Knapsack sprayers have tanks of fertilizer, insecticide or herbicide that gardeners wear on their backs to spray gardens or trees. The gardener controls a nozzle with his right hand and a pump handle with his left hand to keep up the pressure in the tank. Knapsack sprayers are more convenient than the sprayers they replaced, which had to be carried by hand and set on the ground to pump.
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Knapsack sprayers usually have 2 to 5 gallon tanks. These can really cut into your back with prolonged use. You can add Styrofoam (and duct tape) to make them fit more comfortably on shoulder bones and lower back. Sprayers should always be stored with a clean, empty tank. Fill the tank with plain water and spray it all out. This is especially important after using a herbicide (flush two times), because if your next use is insecticide the residue of herbicide can damage your plants. Never use chlorine or Clorox as this will damage the mechanism. Always mix dry ingredients before putting the mixture in the tank (do not mix in tank) by putting half the water in a container, then the dry ingredients, then the rest of the water. For liquid active ingredients, put the water in the tank first then add the liquid.
The nozzle tip forms the spray pattern. The tip is one of several components that screw into each other at the end of the spray wand. Most sprayers come with multiple tips--one for spraying narrow streams and another for spraying wide streams. There are also adjustable tips (mist to steady stream) and connections (called booms) that have multiple nozzles for spraying between several rows at once. In the tip assembly there is also a screen that should be cleaned occasionally. The screen is located near the interchangeable tips. Unless you are using a variable nozzle or a boom, the typical tip delivers 0.3 to 0.5 gallons per minute.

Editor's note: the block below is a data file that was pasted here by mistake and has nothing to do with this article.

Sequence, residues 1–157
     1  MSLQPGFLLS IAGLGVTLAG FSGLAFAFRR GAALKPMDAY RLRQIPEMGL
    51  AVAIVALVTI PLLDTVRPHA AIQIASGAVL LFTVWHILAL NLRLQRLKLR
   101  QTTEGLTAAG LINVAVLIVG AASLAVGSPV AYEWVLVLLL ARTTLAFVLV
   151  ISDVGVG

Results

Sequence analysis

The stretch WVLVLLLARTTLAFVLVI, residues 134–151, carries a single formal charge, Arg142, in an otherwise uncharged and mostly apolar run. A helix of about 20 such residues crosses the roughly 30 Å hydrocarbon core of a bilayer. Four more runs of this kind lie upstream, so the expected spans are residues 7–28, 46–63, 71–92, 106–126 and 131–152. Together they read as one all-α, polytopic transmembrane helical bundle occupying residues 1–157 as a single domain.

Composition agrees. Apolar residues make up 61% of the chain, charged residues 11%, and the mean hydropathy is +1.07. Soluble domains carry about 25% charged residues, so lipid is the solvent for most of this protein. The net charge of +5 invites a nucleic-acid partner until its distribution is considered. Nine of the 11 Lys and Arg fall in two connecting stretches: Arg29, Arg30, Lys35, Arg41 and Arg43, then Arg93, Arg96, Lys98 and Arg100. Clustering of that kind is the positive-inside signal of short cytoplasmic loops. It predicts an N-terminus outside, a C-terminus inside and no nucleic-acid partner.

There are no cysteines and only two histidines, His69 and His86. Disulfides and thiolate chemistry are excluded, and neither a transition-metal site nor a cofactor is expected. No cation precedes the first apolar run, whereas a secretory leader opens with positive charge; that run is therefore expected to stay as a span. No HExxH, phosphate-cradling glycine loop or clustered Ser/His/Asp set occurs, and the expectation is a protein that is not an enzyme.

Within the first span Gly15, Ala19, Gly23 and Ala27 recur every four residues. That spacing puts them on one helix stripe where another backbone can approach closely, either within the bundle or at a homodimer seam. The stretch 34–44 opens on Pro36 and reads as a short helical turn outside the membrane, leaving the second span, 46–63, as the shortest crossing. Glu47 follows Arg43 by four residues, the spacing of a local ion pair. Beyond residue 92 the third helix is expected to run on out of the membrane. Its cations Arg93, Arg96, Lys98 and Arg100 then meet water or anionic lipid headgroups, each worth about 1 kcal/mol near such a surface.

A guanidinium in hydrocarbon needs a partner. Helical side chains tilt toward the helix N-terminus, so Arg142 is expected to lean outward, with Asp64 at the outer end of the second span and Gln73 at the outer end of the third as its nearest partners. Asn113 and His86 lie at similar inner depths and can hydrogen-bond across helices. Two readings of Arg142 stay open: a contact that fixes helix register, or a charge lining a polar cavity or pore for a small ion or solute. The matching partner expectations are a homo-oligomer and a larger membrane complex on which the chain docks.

It is necessary to keep pressure in the tank so the liquid in the tank will spray out when the trigger is pulled. You should pump the handle 10 to 15 times when starting out and once every 5 seconds while working. Check the pressure gauge the first few times you use the system to be sure you have the rhythm of pumping that keeps the pressure steady. The pressure gauge (and the release valve and the cap on the top of the tank) should be kept oiled so that the seals are solid. Otherwise you will lose pressure. The normal pumping rate (when walking 4 feet per second) is a little over 15 gallons per acre for a spray width of 3 feet and a 0.3 gallon per minute tip, or a 6-foot spray width and a 0.5 gallon per minute tip, if the pressure is consistent.
Carlos Mano lives in Maryland and started writing full time in 2002. He has been published in the "Journal of the New York Academy of Sciences," "NASA Tech Briefs" and in various computer journals. He has a bachelor's degree in mathematics and a master's degree in computer science, both from the University of Kansas.